After finding a violation
of this Article or Articles X.,_ XI, [or] XIII, or XIV, the case review board
may order the payment of damages (other than punitive damages) and
any other relief that the law and the facts warrant, such as:
( 1)
compensation for:
(A)
(B)
(C)
(D)
(E)
reasonable attorney's fees;
property damage;
personal injury;
unreimbursed travel or other reasonable expenses;
damages not exceeding $500,000 for humiliation and
embarrassment, based on the nature of the humiliation and
embarrassment,
including
its
severity,
duration,
42
43
44
45
46
47
48
49
50
frequency, and breadth of observation by others;
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BILL
No. 46-15
51
52
53
54
55
56
(F)
financial losses resulting from the discriminatory act or a
violation of Article X or XIV; and
(G)
interest on any damages from the date of the discriminatory
act or violation, as provided in subsection (c);
(2)
equitable relief to prevent the discrimination or the violation
of Articles X~ Xt [or] XIII or XIV and otherwise effectuate
the purposes of this Chapter;
57
58
59
(3)
consequential
damages,
such
as
lost wages
from
employment discrimination or a violation of Article X or
higher housing costs from housing discrimination, for up to
2 years after the violation, not exceeding the actual
difference in expenses or benefits that the complainant
realized while seeking to mitigate the consequences of the
violation (such as income from alternate employment or
unemployment
compensation
following
employment
60
61
62
63
64
65
66
discrimination); and
(4)
any other relief that furthers the purposes of this Article or
Articles X~ Xt [or] XIII or XIV, or is necessary to eliminate
the effects of any discrimination prohibited under this
Article.
*
*
67
68
69
70
71
72
*
ARTICLE XIV. Minimum Work Week for Building Maintenance Workers.
27-83.
Definitions.
As used in this Article:
73
74
75
76
Building maintenance worker
means an individual employed at
f!
covered
location as
f!
janitor, building cleaner, security officer, concierge, doorperson,
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BILL
No. 46-15
77
78
79
handyperson, or building superintendent. A building maintenance worker does
not include:
ill
.G)
g managerial or confidential employee;
an employee who works in an executive, administrative, or professional
capacity;
80
81
82
83
84
85
86
87
88
89
90
91
92
93
94
95
96
97
ill
an employee who earns more than twice the wage requirement
established under Section l 1B-33A;
ill
ill
an employee who works as g security officer solely on Saturday or
Sunday; or
an employee who temporarily replaces g building maintenance worker
who is absent for less than one week.
Covered employer
means any person, individual, proprietorship, partnership,
joint venture, corporation, Limited Liability Company, trust, association, or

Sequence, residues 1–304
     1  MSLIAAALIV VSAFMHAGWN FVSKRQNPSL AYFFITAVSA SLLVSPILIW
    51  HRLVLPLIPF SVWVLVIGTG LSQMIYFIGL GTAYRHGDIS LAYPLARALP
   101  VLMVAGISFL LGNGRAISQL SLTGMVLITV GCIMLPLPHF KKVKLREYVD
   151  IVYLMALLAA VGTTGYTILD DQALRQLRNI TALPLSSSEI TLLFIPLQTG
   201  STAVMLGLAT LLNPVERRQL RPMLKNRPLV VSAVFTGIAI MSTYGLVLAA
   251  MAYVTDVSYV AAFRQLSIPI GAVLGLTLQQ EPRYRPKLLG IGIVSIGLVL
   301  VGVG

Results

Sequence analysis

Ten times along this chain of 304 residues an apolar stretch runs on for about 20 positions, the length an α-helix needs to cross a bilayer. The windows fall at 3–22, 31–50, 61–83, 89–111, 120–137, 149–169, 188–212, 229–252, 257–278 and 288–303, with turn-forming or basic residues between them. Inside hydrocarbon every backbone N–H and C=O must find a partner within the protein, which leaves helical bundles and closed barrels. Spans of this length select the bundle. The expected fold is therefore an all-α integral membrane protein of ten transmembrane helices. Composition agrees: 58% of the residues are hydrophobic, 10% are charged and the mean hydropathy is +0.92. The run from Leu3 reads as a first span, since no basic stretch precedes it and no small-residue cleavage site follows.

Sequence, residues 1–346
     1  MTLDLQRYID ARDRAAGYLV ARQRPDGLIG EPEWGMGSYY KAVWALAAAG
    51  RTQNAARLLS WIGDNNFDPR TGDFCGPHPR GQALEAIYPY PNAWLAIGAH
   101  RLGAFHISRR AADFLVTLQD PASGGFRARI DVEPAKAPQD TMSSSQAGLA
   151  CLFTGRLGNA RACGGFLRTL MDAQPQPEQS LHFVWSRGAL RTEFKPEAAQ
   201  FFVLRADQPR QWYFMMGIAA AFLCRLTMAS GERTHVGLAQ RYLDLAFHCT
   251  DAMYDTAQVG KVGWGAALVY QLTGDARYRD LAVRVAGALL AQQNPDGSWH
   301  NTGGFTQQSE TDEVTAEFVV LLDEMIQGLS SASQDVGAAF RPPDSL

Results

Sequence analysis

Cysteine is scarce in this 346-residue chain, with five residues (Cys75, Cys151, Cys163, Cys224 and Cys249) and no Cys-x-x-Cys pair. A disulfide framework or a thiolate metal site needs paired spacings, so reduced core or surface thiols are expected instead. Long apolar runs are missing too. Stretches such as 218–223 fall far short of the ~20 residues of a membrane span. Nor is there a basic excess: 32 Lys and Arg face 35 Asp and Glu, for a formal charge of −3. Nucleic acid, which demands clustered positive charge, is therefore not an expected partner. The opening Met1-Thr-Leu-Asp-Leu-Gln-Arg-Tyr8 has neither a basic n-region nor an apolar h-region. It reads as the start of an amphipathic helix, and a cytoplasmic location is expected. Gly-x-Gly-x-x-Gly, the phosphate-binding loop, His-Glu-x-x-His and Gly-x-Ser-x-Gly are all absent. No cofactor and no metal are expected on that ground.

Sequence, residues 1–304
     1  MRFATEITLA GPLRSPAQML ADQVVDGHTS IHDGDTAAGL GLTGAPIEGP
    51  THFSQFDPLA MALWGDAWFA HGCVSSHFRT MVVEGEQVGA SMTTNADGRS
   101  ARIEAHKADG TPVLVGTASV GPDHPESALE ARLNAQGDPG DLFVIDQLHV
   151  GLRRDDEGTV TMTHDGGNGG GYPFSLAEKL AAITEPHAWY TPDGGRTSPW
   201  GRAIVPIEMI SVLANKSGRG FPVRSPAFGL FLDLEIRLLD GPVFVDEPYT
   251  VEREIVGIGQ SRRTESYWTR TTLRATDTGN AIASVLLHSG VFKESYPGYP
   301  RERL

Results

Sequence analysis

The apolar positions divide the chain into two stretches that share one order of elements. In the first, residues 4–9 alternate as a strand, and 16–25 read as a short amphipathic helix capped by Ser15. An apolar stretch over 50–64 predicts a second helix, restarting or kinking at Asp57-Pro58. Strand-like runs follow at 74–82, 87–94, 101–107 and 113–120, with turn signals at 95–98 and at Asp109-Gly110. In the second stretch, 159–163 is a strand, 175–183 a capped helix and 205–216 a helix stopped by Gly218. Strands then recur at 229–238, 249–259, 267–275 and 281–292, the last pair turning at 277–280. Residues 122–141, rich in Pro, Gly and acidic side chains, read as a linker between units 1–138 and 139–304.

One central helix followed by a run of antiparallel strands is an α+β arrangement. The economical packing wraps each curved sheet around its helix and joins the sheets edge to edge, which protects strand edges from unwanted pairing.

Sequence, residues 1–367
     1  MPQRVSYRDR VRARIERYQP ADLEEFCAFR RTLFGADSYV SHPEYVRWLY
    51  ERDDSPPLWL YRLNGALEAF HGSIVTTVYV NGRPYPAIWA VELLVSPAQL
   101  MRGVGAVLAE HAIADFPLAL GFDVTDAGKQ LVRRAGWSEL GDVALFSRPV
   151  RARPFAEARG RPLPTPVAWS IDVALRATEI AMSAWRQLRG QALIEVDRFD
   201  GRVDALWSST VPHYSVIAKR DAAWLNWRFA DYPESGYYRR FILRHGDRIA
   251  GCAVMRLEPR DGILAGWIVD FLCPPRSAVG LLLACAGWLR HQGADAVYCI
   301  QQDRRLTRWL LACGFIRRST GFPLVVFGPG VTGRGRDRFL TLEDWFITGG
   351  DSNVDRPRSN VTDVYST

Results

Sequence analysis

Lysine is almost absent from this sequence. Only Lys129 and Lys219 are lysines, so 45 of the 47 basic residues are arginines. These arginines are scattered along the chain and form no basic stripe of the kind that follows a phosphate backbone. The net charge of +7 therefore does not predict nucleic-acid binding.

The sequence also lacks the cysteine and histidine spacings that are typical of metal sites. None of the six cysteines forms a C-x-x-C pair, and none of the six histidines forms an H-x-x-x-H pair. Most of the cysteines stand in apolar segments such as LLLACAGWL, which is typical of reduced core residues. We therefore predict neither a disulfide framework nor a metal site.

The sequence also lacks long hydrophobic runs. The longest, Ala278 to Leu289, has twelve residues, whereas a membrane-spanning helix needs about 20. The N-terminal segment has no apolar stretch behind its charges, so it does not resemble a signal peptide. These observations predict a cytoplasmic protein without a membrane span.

other entity operating and doing business in the County that employs one or
more persons as g building maintenance worker at g covered location in the
County. Covered employer includes the County government, but does not
include the United States, any State, or any other local government.
Covered leave
means paid or unpaid leave voluntarily used
.by
g building
maintenance worker as authorized
QY
Federal, State, or County law, g collective
bargaining agreement, or g written employee handbook.
Covered location
means an office building or group of office buildings under
common ownership or management occupying~ total of 400,000 square feet or
more in the County.
Covered location
does not include an office building or
group of office buildings owned
Qy
the United States, any State, or any local ·
government.
98
99
100
1O1
102
103
Director
means the Executive Director of the Office of Human Rights and
includes the Executive Director's designee.
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BILL
No. 46-15
104
105
106
107
108
109
110
111
112
113
114
115
116
117
118
119
120
121
Employ
means to engage
El
person to work for compensation.
Minimum work week
means the minimum number of compensated hours
provided to
~
building maintenance worker in any work week.
Work week
means
~
fixed regularly recurring period of 168 hours or 7
consecutive 24 hour periods.
27-84.
.{fil
Minimum work week; enforcement.
Minimum work week.
The minimum work week for each employee
working as
~
building maintenance worker at
~
covered location for
~
covered employer must be at least 30 hours unless the employee is taking
covered leave.
.Qi}
Complaints.
A building maintenance worker who is aggrieved
QY
~
violation of this Article may file g complaint with the Director under
Section 27-7.
Di}
Retaliation prohibited.
A person must not:
ill
retaliate against any person for:
(A)
lawfully opposing any violation of this Article; or
filing
~
.{fil
complaint, testifying, assisting, or participating in
any manner in an investigation, proceeding, or hearing
under this Article; or
122
123
ill
Sec. 2.
obstruct or prevent enforcement or compliance with this Article.
Effective date.
124
125
This Act takes effect on July 1, 2018.
126
127
Approved:
128
Roger Berliner, President, County Council
Date
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LEGISLATIVE REQUEST REPORT
Bill 46-15
Human Rights and Civil Liberties
-
Building Maintenance Worker -Minimum Work Week
DESCRIPTION:
Bill 46-15 would require an employer to provide a minimum work week
of at least 30 hours for each employee working as a janitor, building
cleaner, security officer, concierge, doorperson, handyperson, or
building superintendent at an office building occupying at least 400,000
square feet in the County. The Bill would also apply to a County